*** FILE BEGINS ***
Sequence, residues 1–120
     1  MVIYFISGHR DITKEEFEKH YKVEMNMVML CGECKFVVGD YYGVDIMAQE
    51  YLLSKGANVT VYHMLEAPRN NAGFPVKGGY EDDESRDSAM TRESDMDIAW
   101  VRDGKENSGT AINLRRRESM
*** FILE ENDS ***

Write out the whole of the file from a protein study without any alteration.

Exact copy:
Sequence, residues 1–120
     1  MVIYFISGHR DITKEEFEKH YKVEMNMVML CGECKFVVGD YYGVDIMAQE
    51  YLLSKGANVT VYHMLEAPRN NAGFPVKGGY EDDESRDSAM TRESDMDIAW
   101  VRDGKENSGT AINLRRRESM